The organizations Collins founded in Tanzania are doing both. The Parents Organization for Children with Epilepsy Tanzania (POCET) is a parent-run organization that helps acquire affordable medication and sell it to members at cost. It also provides support for the parents and caregivers of children with epilepsy, and reaches out to primary school students to teach them about the real causes and treatment of the disorder. The National Association of Parents of Children with Autism Tanzania is a similar parent-run group that focuses on developing educational services for autistic children. One such program, a special classroom at the Msimbizi Mseto Primary School, serves as a focal point for Collins's newest project, OMPACO--the Organization for Medical and Psychological Assistance for Children Overseas.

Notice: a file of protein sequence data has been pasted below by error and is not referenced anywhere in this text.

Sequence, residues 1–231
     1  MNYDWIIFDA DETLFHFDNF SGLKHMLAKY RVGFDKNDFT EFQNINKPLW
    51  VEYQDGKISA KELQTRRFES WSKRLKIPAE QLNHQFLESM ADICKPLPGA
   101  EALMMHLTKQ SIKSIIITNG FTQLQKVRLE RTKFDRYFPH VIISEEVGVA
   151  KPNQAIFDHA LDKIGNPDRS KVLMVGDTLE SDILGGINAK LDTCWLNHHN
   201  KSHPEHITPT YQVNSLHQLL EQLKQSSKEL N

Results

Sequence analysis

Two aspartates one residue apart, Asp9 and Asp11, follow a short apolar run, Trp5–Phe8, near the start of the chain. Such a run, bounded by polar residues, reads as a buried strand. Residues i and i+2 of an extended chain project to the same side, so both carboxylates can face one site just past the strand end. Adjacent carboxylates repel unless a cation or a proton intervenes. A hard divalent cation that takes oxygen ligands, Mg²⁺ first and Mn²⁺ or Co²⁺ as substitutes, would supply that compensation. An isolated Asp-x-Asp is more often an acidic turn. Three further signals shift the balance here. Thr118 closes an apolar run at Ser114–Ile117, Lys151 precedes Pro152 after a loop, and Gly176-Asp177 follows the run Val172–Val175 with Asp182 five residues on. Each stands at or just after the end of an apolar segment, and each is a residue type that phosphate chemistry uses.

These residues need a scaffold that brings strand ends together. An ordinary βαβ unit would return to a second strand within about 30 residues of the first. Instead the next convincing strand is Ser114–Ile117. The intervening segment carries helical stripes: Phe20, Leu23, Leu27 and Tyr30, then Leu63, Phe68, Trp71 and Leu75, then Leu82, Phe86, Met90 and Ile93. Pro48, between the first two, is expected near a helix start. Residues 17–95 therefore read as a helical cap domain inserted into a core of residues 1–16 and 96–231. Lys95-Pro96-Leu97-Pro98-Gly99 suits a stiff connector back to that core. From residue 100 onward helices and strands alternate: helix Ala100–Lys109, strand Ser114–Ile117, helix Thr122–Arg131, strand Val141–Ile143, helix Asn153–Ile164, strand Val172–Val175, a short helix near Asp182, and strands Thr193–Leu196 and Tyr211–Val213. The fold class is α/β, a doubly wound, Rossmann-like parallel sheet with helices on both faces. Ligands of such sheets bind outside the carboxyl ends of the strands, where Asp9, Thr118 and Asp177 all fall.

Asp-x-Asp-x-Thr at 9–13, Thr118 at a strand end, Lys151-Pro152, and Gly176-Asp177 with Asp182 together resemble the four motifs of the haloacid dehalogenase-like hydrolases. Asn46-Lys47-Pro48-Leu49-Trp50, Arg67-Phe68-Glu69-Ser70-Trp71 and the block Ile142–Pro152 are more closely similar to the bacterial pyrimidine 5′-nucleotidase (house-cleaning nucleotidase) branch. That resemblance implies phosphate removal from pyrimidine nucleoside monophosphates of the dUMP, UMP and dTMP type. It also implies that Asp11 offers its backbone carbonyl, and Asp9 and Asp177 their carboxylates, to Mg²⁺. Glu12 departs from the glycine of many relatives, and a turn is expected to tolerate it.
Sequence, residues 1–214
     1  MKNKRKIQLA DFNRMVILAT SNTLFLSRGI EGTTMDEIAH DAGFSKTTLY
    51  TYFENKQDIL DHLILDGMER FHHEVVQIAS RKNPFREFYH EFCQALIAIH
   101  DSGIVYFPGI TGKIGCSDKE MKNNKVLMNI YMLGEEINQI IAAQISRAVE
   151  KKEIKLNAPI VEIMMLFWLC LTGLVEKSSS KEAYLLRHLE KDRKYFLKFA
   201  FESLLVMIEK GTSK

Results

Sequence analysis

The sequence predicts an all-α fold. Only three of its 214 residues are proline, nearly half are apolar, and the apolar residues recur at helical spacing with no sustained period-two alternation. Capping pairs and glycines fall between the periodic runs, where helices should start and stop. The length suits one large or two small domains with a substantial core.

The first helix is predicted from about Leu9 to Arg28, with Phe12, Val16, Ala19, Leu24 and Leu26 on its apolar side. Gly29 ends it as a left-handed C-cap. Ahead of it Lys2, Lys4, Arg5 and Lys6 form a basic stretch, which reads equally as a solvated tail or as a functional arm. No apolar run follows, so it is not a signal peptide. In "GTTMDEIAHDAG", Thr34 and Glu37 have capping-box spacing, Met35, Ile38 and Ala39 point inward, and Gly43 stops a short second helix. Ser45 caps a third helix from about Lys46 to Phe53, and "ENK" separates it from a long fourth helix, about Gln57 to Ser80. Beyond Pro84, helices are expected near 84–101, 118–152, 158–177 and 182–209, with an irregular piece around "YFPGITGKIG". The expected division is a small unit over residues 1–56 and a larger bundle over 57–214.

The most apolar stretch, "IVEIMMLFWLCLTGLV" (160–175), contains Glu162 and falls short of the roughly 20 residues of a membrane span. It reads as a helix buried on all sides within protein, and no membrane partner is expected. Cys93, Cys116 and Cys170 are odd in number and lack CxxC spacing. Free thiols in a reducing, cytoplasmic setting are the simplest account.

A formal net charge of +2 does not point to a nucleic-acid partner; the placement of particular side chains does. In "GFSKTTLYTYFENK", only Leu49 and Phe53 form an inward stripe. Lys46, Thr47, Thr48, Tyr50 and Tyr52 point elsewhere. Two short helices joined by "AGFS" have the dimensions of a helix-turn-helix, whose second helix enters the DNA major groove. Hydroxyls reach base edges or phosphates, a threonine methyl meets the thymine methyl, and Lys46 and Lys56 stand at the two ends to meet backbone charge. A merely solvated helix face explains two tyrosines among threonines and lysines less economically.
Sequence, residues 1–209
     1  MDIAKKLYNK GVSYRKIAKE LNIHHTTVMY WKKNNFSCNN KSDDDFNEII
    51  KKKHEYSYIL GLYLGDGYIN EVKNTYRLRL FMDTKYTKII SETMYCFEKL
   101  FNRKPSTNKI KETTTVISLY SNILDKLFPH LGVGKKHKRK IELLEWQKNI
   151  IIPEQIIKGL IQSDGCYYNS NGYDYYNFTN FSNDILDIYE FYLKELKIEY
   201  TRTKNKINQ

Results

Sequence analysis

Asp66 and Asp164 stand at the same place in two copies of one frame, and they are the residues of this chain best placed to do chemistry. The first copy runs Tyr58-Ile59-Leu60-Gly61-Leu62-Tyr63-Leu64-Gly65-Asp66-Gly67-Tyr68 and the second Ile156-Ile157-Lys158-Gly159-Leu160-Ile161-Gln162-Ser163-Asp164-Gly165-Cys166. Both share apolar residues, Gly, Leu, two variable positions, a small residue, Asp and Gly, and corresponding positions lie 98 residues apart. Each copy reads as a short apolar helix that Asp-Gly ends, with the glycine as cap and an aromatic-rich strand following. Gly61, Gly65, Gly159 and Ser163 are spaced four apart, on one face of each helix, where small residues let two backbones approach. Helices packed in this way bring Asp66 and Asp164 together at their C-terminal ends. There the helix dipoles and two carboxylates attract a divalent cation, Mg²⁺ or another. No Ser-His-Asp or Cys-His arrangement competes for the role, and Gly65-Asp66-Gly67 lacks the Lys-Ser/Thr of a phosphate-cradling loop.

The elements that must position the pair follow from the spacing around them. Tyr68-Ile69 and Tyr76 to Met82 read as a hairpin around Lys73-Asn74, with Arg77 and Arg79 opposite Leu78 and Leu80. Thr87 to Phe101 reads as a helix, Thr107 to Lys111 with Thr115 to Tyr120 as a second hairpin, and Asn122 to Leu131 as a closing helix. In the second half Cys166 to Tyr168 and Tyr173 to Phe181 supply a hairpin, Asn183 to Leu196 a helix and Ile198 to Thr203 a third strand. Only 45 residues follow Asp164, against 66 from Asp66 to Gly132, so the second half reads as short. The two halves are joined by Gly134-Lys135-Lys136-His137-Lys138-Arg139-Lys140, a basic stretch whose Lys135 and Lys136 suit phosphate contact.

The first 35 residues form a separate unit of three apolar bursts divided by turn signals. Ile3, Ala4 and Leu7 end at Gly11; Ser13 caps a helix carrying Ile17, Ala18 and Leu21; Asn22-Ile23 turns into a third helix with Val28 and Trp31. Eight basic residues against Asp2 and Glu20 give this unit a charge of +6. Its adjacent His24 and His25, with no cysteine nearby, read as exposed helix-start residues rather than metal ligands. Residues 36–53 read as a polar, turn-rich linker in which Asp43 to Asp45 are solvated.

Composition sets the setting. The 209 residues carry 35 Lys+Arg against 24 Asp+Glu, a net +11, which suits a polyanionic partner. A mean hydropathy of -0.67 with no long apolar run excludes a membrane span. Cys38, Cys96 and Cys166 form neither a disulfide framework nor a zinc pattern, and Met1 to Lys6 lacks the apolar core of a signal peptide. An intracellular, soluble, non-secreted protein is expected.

Having yet again returned to the Boston area from Tanzania a few years ago, Collins, together with several colleagues, began making plans for a non-profit organization that would replicate the models used in Tanzania to serve the medical and psychological needs of children in all parts of the world. "We’re really looking to facilitate and coordinate programs in the spirit of the ones in Tanzania," she asserts. This effort may include setting up programs to buy affordable medical supplies and medicine, or connecting overseas programs with pediatricians, speech therapists, and other professionals who can support their work.